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« Using Your Leverage | Main | Work is a Virus »

June 14, 2005


Great stuff, Lisa.

I have found that listening is a great way to encourage people not only to perform their best, but also to be thinking about how to improve work processes and systems. When a manager asks: "What are we not doing that we should be doing?" and then takes the time to engage in a meaningful's powerful stuff.

I'd be curiious to hear your thoughts on how you get employees to do their best work. Especially employees who are already sometimes listening and engaging them in meaningful conversations just isn't enough...

Rick: You bring up a great topic that I would enjoy addressing in future posts - how to develop and environment that enables and encourages peak performance. I will put that on my list, thanks! One preview note: I think the answers are often contrary to conventional "industrial" wisdom.


Great post and great list of "standards". The big question is: As the leader of a lot of great managers, how can I lead so my managers are enabled or are enpowered to meet their "standards"?

Thats a another post! Great, great stuff.

Terry - that is a good topic for a future post, thanks. Many of the same standards apply, of course, but there is also a whole set of things relating to how to grow great leaders.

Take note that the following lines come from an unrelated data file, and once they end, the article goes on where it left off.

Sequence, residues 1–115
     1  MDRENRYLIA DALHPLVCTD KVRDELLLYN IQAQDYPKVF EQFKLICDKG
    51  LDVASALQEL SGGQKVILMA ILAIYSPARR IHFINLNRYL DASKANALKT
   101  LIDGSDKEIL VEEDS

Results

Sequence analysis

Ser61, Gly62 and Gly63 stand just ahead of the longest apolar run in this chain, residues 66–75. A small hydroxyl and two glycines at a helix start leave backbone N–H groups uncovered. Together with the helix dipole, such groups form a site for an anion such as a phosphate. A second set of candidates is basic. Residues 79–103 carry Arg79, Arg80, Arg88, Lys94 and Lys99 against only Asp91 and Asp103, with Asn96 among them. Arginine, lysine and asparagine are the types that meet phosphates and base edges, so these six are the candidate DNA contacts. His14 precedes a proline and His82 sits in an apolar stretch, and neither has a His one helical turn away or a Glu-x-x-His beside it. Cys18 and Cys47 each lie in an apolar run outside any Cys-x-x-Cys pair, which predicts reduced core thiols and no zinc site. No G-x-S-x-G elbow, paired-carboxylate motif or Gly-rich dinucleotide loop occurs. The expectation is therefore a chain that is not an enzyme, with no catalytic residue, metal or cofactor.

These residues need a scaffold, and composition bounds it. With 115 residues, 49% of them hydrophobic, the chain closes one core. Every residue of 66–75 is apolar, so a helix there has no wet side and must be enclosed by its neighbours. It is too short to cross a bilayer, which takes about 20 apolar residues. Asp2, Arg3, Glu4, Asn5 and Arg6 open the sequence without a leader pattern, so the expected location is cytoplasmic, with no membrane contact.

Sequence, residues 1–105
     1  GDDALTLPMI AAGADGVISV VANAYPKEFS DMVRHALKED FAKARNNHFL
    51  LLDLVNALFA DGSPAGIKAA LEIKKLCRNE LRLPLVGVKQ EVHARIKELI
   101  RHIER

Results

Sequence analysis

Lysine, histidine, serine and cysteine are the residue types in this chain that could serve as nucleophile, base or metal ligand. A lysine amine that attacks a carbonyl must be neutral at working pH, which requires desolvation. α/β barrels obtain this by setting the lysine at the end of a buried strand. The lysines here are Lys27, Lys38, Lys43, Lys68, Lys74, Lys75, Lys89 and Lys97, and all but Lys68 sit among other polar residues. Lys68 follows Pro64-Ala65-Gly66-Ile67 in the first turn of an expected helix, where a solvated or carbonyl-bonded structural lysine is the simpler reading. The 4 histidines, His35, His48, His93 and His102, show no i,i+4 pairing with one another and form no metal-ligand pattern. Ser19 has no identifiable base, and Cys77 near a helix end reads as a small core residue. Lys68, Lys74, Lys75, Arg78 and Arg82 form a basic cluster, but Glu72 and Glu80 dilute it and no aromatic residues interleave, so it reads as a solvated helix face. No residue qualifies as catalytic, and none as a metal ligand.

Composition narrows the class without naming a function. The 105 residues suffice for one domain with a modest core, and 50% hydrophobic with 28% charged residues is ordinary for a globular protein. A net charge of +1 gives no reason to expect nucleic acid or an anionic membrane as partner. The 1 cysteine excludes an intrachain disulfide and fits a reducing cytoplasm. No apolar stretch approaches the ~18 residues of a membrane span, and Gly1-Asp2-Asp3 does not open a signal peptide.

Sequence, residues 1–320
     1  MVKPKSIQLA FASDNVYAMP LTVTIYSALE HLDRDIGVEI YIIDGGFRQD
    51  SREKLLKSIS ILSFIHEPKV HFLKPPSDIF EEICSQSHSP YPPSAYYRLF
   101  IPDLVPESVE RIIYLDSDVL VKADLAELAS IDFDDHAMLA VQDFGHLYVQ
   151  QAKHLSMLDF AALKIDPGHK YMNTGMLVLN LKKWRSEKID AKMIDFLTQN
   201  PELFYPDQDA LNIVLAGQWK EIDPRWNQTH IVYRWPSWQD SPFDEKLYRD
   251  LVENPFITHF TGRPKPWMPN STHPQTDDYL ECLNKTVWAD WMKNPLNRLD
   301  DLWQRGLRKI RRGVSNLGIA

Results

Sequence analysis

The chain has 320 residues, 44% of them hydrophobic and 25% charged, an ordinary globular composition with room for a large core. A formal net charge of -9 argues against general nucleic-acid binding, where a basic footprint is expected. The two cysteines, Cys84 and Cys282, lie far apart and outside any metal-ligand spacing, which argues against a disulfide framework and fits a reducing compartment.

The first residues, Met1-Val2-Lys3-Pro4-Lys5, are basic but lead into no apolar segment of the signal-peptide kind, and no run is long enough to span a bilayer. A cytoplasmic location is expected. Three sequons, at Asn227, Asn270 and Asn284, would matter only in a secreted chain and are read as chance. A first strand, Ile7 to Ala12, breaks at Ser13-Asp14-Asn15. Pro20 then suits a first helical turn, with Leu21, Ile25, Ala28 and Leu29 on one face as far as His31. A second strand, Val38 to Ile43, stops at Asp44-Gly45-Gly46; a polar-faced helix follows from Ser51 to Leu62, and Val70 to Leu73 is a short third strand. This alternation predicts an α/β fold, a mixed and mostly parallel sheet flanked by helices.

Great post as always Lisa. How do we measure whether or not managers are actually doing this? With today's lean times, people managing managers often spend more time doing their own jobs instead of just "managing" that it makes it tough to find the time to observe. I'm a front line manager, so I'm looking for good ways to show that I am adding value and many of the other things you say, and yet so much is hard to measure. Any thoughts on that, or are you saving that for a future post?


Personally, I think managerial efficacy is pretty easy to see, because it impact so many aspects of the organization. If something is not quite right, it can take some work to pin down the root cause.

I think goal attainment, results, retention, work culture, problem solving, and alignment are great indicators.

When we are key contributors, people know it because the business moves forward and keeps its commitments (a bigger deal than it may seem).

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